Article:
For details on how to contact our editorial and commercial departments, click here
Three generations of one family perform with the Cockerton Prize Silver Band in Darlington
A PASSION for music spanning 70 years has brought three generations of a family to perform together in the same silver band.
The Darlington-based Cockerton Prize Silver Band boasts an impressive 143-year history and its annual showpiece concert last night (Wednesday, December 18) saw three generations of the Parkin family take to the stage.
Grandfather John Parkin, 71, has performed the tuba in band since the mid 1960s and son Neil, 41, followed in his footsteps by becoming its full-time baritone player four-years-ago.
Neil’s 13-year-old daughter Amy has now made it a family hatrick as she has gradually played her way into the senior band.
She has played the cornet at events such as Darlington’s remembrance service and Reindeer Parade but last night was her first performance with the seniors at the Cockerton Club concert – the highlight of the band’s Christmas calendar.
Amy’s younger sister, Eve, 11, is also aiming to get into the senior band and is currently playing cornet for the academy outfit, who also performed at the concert.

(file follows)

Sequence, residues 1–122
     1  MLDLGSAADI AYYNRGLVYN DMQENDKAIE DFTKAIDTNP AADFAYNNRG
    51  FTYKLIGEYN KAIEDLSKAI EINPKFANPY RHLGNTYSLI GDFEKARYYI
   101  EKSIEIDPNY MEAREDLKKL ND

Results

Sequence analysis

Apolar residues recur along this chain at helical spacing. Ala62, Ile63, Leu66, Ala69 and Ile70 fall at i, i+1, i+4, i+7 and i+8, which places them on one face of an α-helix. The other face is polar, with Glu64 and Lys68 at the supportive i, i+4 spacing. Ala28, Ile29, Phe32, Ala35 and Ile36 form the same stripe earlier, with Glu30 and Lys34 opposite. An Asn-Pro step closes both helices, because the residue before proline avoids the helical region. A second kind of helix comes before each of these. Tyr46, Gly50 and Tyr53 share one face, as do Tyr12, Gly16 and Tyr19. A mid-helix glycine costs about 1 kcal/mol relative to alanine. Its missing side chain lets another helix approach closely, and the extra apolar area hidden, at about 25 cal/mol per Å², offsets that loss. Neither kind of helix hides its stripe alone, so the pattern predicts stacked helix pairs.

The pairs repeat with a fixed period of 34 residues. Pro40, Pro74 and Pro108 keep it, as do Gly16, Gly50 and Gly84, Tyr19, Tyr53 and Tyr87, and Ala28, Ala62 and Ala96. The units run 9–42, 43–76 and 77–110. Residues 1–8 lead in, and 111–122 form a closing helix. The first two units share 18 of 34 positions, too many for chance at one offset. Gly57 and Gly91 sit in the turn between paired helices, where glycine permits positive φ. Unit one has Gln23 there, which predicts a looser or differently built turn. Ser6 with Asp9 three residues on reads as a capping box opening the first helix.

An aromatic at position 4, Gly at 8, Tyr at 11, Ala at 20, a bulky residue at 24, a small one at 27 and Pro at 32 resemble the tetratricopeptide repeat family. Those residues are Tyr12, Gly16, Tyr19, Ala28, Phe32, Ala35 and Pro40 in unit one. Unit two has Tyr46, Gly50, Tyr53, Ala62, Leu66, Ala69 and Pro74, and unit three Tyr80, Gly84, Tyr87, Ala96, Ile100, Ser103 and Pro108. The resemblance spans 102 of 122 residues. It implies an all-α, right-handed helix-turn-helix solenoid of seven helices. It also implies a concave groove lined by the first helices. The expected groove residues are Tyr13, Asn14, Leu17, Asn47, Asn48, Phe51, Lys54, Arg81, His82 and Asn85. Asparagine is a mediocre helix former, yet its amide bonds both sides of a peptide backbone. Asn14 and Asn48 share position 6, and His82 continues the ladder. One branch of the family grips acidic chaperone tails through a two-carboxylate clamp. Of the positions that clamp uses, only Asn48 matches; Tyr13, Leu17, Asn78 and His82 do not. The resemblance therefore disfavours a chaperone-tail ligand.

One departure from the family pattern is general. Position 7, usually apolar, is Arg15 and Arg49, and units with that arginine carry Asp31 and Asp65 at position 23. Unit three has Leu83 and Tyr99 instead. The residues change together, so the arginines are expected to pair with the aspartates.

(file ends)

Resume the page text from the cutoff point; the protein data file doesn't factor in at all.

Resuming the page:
Dad Neil said he was proud of his daughters’ involvement and said it was their enthusiasm for music rather than family tradition which prompted them to join.
“All their lives the girls have come to concerts, but I didn’t want to be the one to push them into it, it came from them, and they love the social side as much as anything.
“Eve is really keen to get into the senior band, she is desperate but I tell her to be patient, take her time and she will make it.”
Mr Parkin added that it would be a “proud moment” to be onstage with his father and daughters, particularly as Amy is performing a solo on the evening.
The Cockerton Prize Silver Band was established in 1870 and performs at many of Darlington’s civic events and concerts, as well as competing in band championships.
It is a registered charity funded through donations and must raise £10,000 every year to cover its costs.
Comments are closed on this article.